|1992||- .0242||- .0138|
|10 Year Average||.0029||.0306|
Figure 3-2 graphs CHMSLAVG () and DELAVG (O) by calendar year. It makes quite a contrast with Figure 2-7, the corresponding results for (almost exclusively) nonfatal crashes from the eight State files. In Figure 3-2, the 's and the O's are scattered all over the diagram, without any recognizable pattern (except, perhaps, just a hint of positive CHMSLAVG values in 1987-88). In Figure 2-7, the 's were clearly positive, with a peak in 1987 and flat after 1989, while the O's were always close to zero.
In the fatal crashes, the observed effectiveness of CHMSL is positive in four years and negative in six. In the nonfatal crashes, effectiveness was positive in all ten years.
In the fatal crashes, CHMSLAVG is more positive than DELAVG in four years and less positive in six. In other words, there is no evidence that the effect from MY 85 to 86 (when CHMSL became standard equipment) is any different than the effect from MY 84 to 85, or 86 to 87, etc. In the nonfatal crashes, CHMSLAVG was always more positive than DELAVG; in fact, DELAVG was always much closer to zero than to CHMSLAVG.
The facts that CHMSLAVG is positive in four of ten years, and that CHMSLAVG is more positive than DELAVG in four of ten years are nonparametric tests suggesting that the effect of CHMSL is nonsignificant. Additional insight may be gained by statistical testing and confidence intervals based on the variance of the ten individual CHMSLAVG values. The first question is whether the slightly more positive results for CY 1987 and 1988, as seen in Figure 3-2, are significantly more positive than the CHMSLAVG values in the other calendar years. The GLM procedure of SAS  is used to run an analysis of variance on CHMSLAVG across two CY groups: "1987-88" and "other." The difference between the two groups is not statistically
significant (F = 1.49; df = 1,8; p > .05), and we may assume that CHMSLAVG is essentially invariant throughout CY 1986-95, except for "noise."
Thus, the ten individual values of CHMSLAVG may be treated as repeated measurements and used to compute a point estimate and confidence bounds. The point estimate of CHMSL effectiveness is the arithmetic average of the ten values: a 0.29 percent reduction of rear-impact crashes. This point estimate is, of course, not significantly different from zero: the t value for the ten individual estimates is 0.12 (p > .05). One standard deviation of the point estimate is 2.63 percent. With 9 degrees of freedom, the 95 percent confidence bounds for effectiveness are 0.29 ±2.262 standard deviations:
The most appropriate conclusion continues to be that CHMSL had little or no effect on fatal crashes.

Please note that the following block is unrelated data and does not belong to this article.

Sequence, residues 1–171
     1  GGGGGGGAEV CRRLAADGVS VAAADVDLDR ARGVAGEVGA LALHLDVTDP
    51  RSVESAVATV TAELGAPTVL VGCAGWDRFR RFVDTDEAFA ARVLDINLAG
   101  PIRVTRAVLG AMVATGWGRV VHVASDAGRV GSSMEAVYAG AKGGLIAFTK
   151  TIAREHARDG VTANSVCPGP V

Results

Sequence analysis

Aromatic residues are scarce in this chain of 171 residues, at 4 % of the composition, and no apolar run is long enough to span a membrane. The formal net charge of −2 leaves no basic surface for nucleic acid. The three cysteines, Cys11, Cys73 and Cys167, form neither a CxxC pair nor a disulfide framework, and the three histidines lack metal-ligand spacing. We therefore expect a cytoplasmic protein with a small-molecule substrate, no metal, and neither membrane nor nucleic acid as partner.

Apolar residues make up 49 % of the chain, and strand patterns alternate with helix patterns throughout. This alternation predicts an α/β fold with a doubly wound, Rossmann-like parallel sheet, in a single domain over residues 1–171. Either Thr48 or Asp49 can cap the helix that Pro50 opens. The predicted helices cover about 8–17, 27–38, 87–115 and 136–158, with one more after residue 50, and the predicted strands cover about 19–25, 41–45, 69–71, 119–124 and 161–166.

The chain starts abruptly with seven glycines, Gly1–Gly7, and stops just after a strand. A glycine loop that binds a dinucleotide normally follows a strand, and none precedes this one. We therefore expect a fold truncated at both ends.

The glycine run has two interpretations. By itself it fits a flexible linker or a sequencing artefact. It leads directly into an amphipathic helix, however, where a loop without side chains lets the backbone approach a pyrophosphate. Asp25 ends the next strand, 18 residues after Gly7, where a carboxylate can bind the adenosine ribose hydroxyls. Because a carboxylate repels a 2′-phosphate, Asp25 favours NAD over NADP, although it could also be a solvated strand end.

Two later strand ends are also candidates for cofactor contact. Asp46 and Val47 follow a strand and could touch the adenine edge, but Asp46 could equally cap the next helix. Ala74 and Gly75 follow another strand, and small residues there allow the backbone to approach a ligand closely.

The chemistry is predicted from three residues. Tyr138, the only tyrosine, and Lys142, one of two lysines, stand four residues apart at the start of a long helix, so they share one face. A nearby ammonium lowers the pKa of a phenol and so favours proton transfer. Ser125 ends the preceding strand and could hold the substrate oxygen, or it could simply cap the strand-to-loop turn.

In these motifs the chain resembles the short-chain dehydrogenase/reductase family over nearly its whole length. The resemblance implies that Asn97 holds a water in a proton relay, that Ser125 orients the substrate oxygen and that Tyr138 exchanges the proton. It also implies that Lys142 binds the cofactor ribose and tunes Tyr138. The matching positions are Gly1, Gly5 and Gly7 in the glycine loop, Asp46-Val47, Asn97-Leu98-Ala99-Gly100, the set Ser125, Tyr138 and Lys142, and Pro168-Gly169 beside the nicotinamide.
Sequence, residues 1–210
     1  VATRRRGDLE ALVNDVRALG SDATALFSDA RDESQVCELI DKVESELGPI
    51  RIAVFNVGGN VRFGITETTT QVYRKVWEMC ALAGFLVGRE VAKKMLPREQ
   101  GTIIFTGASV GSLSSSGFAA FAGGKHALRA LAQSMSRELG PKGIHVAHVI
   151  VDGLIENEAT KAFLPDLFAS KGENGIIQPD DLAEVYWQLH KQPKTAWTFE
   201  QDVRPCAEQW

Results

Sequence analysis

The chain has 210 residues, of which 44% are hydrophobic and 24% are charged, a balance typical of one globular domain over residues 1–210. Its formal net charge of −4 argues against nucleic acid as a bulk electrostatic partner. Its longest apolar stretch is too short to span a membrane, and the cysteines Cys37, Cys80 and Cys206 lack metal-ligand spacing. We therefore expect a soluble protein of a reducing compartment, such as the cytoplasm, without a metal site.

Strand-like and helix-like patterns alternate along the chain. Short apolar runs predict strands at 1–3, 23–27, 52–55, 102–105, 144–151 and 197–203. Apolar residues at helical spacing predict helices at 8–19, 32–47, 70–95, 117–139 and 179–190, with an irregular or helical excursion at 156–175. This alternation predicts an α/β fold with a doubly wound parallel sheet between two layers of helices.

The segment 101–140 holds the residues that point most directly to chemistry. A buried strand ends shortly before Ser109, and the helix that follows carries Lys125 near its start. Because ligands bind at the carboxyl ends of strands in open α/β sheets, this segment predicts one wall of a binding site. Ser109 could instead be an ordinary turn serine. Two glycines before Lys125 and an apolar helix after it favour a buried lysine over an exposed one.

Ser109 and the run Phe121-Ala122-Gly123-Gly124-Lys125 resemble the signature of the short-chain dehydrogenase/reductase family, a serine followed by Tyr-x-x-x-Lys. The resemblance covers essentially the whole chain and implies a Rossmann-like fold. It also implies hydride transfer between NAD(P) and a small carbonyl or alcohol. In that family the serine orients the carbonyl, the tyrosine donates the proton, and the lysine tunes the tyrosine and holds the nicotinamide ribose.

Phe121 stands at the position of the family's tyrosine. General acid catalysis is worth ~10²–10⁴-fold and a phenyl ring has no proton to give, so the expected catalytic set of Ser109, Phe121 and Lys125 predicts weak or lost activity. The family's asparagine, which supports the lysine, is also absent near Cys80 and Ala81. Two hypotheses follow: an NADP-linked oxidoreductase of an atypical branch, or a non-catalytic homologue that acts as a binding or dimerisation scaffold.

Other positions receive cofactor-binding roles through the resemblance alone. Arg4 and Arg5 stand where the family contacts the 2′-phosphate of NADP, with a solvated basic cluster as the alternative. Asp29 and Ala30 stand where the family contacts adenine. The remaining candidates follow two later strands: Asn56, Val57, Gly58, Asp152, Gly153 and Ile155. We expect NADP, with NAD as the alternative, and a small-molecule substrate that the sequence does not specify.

Given that CHMSL are about equally effective in property-damage-only and nonfatal-injury crashes, it might seem surprising, at first glance, that effectiveness is nonsignificant in fatal crashes. Several characteristics of fatal rear impacts, however, substantially reduce the potential effect of CHMSL, as evidenced by a comparison of FARS and Florida (nonfatal crash) data:
The struck car was stopped, slowing or turning (and thereby presumably activating the CHMSL) in only 37 percent of the fatal crashes, as opposed to 73 percent of the nonfatal crashes.
The striking vehicle was traveling 55 mph or faster in 51 percent of the fatal crashes, as opposed to about 10 percent of the nonfatal crashes. A modest reduction in the collision severity with CHMSL might not prevent the fatality.
The striking vehicle was a heavy truck or a motorcycle in 25 percent of the fatal crashes, but only 5 percent of the nonfatal crashes. When there is a severe weight mismatch (the struck vehicle being a passenger car), there is a high probability of a fatality in the lighter vehicle, and it is unlikely to be prevented by a modest reduction in the collision severity.
The driver of the striking vehicle had been drinking, and might have become inattentive to the CHMSL, in 23 percent of the fatal crashes but only 10 percent of the nonfatal crashes.
44 percent of the fatal crashes happened at night, when CHMSL is least effective, but only 25 percent of the nonfatal crashes.
While these factors, by themselves, might not necessarily reduce CHMSL effectiveness all the way to zero, they could easily lower it into the "noise" range, undetectable given the quantity of data available for the FARS analyses.